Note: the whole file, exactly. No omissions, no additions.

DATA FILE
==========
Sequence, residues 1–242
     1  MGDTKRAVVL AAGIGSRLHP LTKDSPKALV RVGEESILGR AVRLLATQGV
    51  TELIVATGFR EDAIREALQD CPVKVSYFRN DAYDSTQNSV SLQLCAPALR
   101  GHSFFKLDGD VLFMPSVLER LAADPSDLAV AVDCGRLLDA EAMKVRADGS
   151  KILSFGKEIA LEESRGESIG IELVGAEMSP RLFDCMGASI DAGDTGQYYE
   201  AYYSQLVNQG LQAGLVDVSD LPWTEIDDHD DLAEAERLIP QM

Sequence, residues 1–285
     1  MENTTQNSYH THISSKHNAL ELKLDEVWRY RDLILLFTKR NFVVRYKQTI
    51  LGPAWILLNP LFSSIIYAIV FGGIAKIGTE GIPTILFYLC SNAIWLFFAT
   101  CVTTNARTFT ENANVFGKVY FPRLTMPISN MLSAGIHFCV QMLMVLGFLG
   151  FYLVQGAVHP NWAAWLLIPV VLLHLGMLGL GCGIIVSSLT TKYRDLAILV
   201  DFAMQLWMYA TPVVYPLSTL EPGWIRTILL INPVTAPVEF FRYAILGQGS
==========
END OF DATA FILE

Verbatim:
Sequence, residues 1–242
     1  MGDTKRAVVL AAGIGSRLHP LTKDSPKALV RVGEESILGR AVRLLATQGV
    51  TELIVATGFR EDAIREALQD CPVKVSYFRN DAYDSTQNSV SLQLCAPALR
   101  GHSFFKLDGD VLFMPSVLER LAADPSDLAV AVDCGRLLDA EAMKVRADGS
   151  KILSFGKEIA LEESRGESIG IELVGAEMSP RLFDCMGASI DAGDTGQYYE
   201  AYYSQLVNQG LQAGLVDVSD LPWTEIDDHD DLAEAERLIP QM

Sequence, residues 1–285
     1  MENTTQNSYH THISSKHNAL ELKLDEVWRY RDLILLFTKR NFVVRYKQTI
    51  LGPAWILLNP LFSSIIYAIV FGGIAKIGTE GIPTILFYLC SNAIWLFFAT
   101  CVTTNARTFT ENANVFGKVY FPRLTMPISN MLSAGIHFCV QMLMVLGFLG
   151  FYLVQGAVHP NWAAWLLIPV VLLHLGMLGL GCGIIVSSLT TKYRDLAILV
   201  DFAMQLWMYA TPVVYPLSTL EPGWIRTILL INPVTAPVEF FRYAILGQGS